Your voice and use of language are invaluable teaching tools. Considered from a chakra perspective, the voice manifests through the vishuddha chakra, which opens with ease and clarity when the body is grounded, the creative juices flowing, the willful center strong yet supple, the heart open, and the mind clear. How you speak as a teacher thus reflects where you are in your life, skills, and knowledge. Building from this natural foundation, there are several elements of voice to consider.
First and foremost, your voice should be sufficiently audible that everyone can hear you, yet not so loud that it interferes with students’ attentiveness to the sound of their breath and sense of being in a tranquil space. If you choose to use music in your classes, control the volume of the music to be lower than you can comfortably project your own voice throughout the class. If you have a very soft voice or find yourself teaching very large classes, consider using amplification
Explore how you can modulate your voice to match the mood or intensity of the asanas without resorting to a singsong quality of elocution. Your voice should flow along with the arc of the class, starting gently as students are warming into their bodies, reaching moderate crescendos accented by strength and dynamism as the practice moves through waves of intensity, softening and quieting as the class wanes toward Savasana. In a restorative class, try to maintain an even, relaxed tone that encourages letting go, allowing more space between statements so students can experience the freedom of silence.
Be aware of your tone of voice. Try recording and listening to one of your classes to become more aware of your tone. Many teachers are unaware that their voices sound a certain way. Speaking from your heart, let your technical instructions come across with the same even tonality as if you were speaking casually with a friend. At the same time, play with bringing enthusiasm and inspiration into your teaching through the current of your voice, balancing these qualities with assertiveness that tends more toward loving kindness than stern authority.
Language itself plays significantly in how students will hear and comprehend what you are saying. Try to use plain language that clearly describes what you intend to cue. It is usually much more effective to use direct, simple language than esoteric terms you learned studying anatomy, physiology, yoga philosophy, and psychology. Giving instructions in a concise manner is usually more effective in helping students to understand than flowery poetics or verbose statements. If you want your students to bring their feet together at the front of their mat, say, “Please bring your feet together at the front of your mat.” That’s all that’s needed. Focus your initial cues on the basic foundational elements of the asana, saving more elaborate (yet still concise and specific) cues for the transition into the asana and refinements.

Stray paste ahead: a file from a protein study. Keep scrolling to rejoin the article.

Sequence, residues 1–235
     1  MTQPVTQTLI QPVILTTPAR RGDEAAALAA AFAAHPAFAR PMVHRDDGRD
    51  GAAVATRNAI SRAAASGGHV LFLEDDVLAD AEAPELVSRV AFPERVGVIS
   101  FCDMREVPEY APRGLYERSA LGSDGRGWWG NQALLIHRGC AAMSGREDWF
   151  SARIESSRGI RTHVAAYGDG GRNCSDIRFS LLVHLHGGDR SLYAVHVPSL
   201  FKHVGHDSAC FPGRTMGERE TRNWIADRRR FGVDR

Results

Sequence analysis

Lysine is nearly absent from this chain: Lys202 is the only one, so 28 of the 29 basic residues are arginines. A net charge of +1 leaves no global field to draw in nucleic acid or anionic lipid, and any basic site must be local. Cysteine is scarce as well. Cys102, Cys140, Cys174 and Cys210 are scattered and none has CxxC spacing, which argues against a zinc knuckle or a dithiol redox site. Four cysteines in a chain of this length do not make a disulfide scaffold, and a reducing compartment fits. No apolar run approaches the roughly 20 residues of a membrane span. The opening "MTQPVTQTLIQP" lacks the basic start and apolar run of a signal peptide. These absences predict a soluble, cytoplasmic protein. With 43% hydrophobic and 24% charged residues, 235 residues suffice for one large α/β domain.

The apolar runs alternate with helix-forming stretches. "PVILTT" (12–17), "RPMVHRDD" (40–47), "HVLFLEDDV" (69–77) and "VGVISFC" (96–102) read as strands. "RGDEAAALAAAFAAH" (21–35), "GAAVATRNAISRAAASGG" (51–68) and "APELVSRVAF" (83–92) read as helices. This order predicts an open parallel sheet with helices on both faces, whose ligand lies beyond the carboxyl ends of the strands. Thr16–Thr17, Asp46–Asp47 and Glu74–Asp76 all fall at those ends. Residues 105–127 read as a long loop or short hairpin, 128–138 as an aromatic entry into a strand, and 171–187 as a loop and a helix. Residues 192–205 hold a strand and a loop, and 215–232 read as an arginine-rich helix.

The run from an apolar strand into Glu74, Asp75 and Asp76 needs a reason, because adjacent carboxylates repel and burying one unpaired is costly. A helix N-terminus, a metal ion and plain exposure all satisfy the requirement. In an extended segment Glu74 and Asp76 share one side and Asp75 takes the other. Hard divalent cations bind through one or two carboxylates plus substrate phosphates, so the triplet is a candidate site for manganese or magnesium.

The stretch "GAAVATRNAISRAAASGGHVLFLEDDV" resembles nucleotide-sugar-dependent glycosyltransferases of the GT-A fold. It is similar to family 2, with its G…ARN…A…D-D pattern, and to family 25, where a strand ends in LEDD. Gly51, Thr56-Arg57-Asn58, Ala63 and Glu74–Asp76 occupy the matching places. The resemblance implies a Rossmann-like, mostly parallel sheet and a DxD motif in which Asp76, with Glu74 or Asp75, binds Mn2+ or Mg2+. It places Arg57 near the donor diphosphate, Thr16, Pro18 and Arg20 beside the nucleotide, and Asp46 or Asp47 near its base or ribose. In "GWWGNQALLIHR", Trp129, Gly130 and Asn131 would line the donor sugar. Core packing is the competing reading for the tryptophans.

Different terms carry more or less weight. Verbs of action such as press your fingers or breathe deeply have more of a command quality than their noun forms, which tend to be more encouraging: pressing your fingers or breathing deeply. An even softer quality of instruction is expressed with terms like feel, allow, and explore. As a general approach, try offering the stronger verbs of action when cueing what you consider the most important foundational actions of an asana, then use softer language to cue refinements and inner exploration.
Using Sanskrit terms for asanas and other aspects of the practice is a matter of personal choice. You might feel that Sanskrit does not resonate well with your students (or with your employer or you), or you might feel that using Sanskrit lends to a deeper feeling of authenticity in your teachings as you anchor your expressions in the ancient and traditional language of yoga. If you choose to use Sanskrit, try also to give the English terms for the words. For example, say, “Preparing for Ardha Chandrasana, Half-Moon Pose, please.… ” Some Sanskrit terms have become so ubiquitous in yoga classes that they have now entered the English lexicon: Chataranga (short for Chataranga Dandasana) is surely more familiar to most students than its English translation, “Four-Limbed Staff Pose.”
As with other aspects of your teaching, play around with this to find what is most comfortable for you and your students.